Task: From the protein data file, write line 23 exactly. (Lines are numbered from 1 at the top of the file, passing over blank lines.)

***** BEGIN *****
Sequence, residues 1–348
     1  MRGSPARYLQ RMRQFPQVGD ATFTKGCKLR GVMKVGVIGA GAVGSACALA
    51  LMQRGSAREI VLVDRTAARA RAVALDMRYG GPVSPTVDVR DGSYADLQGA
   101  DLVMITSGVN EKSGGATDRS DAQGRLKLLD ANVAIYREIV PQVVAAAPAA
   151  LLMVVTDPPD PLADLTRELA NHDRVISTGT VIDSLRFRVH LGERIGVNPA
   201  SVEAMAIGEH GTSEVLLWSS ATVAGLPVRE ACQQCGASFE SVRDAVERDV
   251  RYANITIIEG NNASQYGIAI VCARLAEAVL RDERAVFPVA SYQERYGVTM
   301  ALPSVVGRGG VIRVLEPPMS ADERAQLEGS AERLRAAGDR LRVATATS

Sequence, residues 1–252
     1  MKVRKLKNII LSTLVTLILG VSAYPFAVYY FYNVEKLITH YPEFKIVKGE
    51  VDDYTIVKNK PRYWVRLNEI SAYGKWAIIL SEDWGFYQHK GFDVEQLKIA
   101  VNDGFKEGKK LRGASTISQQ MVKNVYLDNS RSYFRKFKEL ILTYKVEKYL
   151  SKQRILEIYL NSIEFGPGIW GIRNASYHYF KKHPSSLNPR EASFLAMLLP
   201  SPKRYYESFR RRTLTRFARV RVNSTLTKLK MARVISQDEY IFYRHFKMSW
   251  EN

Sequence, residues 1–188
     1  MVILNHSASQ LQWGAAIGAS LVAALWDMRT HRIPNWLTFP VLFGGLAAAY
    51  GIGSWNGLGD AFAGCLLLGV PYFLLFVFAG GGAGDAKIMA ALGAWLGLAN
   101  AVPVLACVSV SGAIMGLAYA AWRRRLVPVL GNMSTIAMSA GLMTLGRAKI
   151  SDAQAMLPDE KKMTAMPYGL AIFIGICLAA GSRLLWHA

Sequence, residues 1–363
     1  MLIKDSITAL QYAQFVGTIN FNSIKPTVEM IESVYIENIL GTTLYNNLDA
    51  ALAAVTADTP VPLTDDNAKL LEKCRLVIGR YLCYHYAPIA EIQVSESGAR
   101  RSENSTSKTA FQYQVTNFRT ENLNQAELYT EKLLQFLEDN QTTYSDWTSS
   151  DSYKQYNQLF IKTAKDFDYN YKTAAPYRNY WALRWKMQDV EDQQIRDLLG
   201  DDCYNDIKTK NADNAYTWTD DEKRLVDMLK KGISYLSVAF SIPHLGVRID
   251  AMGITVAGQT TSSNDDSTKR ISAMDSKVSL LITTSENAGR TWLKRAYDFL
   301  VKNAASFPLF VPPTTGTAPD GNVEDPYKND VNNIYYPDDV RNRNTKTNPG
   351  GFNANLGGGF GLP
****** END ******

    51  ALAAVTADTP VPLTDDNAKL LEKCRLVIGR YLCYHYAPIA EIQVSESGAR